the hospital at below fair market value, the
Group was not burdened with the normal                    In order for such reviews to be accurate, it
overhead expenses of a medical office.                is essential that all of the terms of the
                                                      arrangements be considered. For instance,
2. SIGNIFICANCE AND                                   distinctions must be made between leases for
   PRACTICAL RECOMMENDATIONS                          bare office space, leases which include furnish-
    This matter is significant to hospitals for       ings, equipment, utilities and/or janitorial
several reasons. First, it may be indicative of       services, and leases which include personnel,
a new trend of increased federal enforcement          such as receptionists, clerks and/or nurses. In
of the Stark law against hospitals, physicians        this case, the government believed that the
and other healthcare providers. Now that the          Group had a “sweetheart” deal due to the
Stark regulations have been finalized, CMS and        many services being provided at minimal rent.
DOJ have increased their investigative and                Moreover, arrangements with physicians
prosecutorial efforts of Stark violations. There      should be monitored on an ongoing basis to
have been several other reported Stark                ensure that the arrangements, as they may
prosecutions, and this case represents the            change over time, remain consistent with fair
largest settlement thus far.                          market value. For instance, if the level of
    Second, this case demonstrates that the           services being provided or the amount of space
Stark law may become the preferred basis of           being leased increases (as happened in this
regulatory enforcement of Medicare program            case), then the rental amount should be re-
referral improprieties. The “qui tam” plaintiff in    assessed and increased in order to be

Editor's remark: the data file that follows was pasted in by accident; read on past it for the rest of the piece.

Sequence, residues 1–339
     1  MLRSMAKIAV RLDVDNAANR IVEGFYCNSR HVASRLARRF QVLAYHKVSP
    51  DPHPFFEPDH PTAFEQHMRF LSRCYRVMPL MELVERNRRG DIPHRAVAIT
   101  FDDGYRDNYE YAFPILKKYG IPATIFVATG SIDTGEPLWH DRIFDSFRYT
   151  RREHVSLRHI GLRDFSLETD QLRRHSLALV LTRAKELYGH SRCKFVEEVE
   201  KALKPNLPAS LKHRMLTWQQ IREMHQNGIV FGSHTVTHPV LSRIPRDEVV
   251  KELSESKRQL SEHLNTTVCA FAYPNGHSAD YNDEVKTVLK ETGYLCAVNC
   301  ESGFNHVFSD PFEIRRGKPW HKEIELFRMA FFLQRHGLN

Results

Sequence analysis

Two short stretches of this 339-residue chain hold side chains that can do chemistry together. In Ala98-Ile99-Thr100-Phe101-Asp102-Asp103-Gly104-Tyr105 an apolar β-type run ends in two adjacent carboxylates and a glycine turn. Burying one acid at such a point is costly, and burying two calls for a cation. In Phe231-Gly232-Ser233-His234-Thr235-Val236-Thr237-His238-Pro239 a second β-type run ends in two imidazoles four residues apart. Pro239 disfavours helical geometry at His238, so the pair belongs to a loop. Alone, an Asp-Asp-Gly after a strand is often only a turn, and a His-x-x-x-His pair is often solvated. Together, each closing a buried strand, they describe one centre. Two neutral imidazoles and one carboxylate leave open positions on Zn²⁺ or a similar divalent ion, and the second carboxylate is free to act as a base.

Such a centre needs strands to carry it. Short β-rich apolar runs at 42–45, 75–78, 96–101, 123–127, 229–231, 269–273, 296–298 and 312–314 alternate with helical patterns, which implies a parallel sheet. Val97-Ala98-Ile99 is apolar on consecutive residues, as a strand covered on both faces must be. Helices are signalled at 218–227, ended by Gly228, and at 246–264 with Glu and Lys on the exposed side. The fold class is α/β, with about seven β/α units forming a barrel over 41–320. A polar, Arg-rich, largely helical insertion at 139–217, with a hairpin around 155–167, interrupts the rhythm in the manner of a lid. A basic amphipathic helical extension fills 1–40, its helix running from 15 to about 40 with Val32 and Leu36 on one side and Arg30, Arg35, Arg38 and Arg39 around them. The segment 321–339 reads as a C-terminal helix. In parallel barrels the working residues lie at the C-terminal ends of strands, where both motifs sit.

this case alleged violations of both the Anti-        consistent with fair market value.
Kickback and Stark laws.             Although the         Likewise, annual reviews should be
allegations contain substantial basis for             undertaken of arrangements in which hospitals
enforcement under the Anti-Kickback law, the          pay physicians for the provision of admini-
DOJ focused on the Stark law violations               strative and/or clinical services to ensure that
because of its strict liability feature, as opposed   the services being contracted for are being
to the Anti-Kickback violations, which require        performed by the physicians, and that the
proof of improper intent as well as a                 compensation being paid to physicians is
heightened criminal burden of proof.                  consistent with fair market value.
    Third, this case demonstrates to hospitals                              * * *
the importance, as part of their compliance           We send these Updates to our clients and friends
efforts, to ensure that arrangements with             to provide information on recent developments in
physicians are fair market value and otherwise        the law. The Updates, however, should not be
satisfy an exception under the Stark law (e.g.,       relied on for legal advice in any particular matter.
be in writing, have a term of at least one year,      If you would like additional information, please
be commercially reasonable, etc.).                    contact Gary W. Herschman at 973.643.5783 or

                                                         SILLS CUMMIS RADIN TISCHMAN EPSTEIN & GROSS
                                                                                   ONE RIVERFRONT PLAZA
                                                                                  NEWARK, NJ 07102-5400
                                                                         973.643.7000 ~ FAX: 973.643.6500
                                                               NEW JERSEY • NEW YORK • SAN FRANCISCO